Journalist Riley discusses free speech

 

Rock music journalist Tim Riley discussed music censorship and free speech in a lecture he delivered to a group of students, faculty and community members Feb. 11 in Whitley Auditorium.

Riley's books, including "Tell Me Why: A Beatles Commentary," "Hard Rain: A Dylan Commentary" and "Madonna: Illustrated," provide glimpses into the artists' careers through analysis of artifacts, performances and recordings.

He has also been a contributor to the Washington Post, National Public Radio and other national media outlets. He has worked for music-related Web sites, including the Lycos-VH1 joint music guide venture, the Link, and is a noted pianist.

In his remarks, used his music journalism experience to explain the censorship movement from both conservatives and liberals since 1990. Riley began with 1990 because that year, politicians and others attempted to censor 2 Live Crew, a controversial rap group, and an exhibition of gay photographer Robert Maplethorpe; this was the first time obscenity laws had been used against a music group or a museum.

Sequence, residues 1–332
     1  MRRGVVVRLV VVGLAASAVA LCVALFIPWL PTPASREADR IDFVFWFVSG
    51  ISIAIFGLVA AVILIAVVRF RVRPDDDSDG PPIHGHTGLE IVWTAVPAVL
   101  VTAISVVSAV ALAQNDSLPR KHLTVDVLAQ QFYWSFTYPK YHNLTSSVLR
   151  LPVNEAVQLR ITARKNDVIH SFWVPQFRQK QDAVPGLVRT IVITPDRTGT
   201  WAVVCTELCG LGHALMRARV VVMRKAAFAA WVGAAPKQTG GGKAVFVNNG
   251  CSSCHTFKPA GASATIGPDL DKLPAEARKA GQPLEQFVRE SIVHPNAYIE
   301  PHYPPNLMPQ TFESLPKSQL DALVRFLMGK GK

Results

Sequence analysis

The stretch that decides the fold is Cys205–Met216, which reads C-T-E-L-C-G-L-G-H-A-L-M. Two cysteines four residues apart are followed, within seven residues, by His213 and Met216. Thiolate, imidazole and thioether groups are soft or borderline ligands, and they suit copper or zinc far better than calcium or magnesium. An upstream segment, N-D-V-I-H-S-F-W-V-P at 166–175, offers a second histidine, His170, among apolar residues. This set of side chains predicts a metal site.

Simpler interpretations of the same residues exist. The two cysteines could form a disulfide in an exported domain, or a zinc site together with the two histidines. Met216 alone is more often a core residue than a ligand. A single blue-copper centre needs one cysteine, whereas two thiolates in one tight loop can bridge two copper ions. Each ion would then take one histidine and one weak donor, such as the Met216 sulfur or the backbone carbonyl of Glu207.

Riley went on to discuss the Napster copyright controversy and the effects of the Sept. 11, 2001 terror attacks on civil liberties. Riley discussed changing attitudes toward political dissent in America, using the cancellation of ABC's "Politically Incorrect with Bill Maher" as an example. The show was canceled by ABC after Maher made a controversial statement about the Sept. 11 attacks.

He also highlighted the USA Patriot Act and detentions without cause carried out since the attacks. "We're on the verge of war, and free speech is being suppressed," Riley said. "This is a crisis moment for the First Amendment."

Attempts by conservatives to legislate morality through censorship, and attempts by liberals to legislate tolerance through censorship, Riley said, are futile, and fail to solve issues at their core.

"These controversies are Macy's parade balloons that distract attention from what's going on in the streets below," he said. "Government restrictions on free speech amount to a cure that's much worse than the disease."

 

 

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Last Modified:  9/01/02
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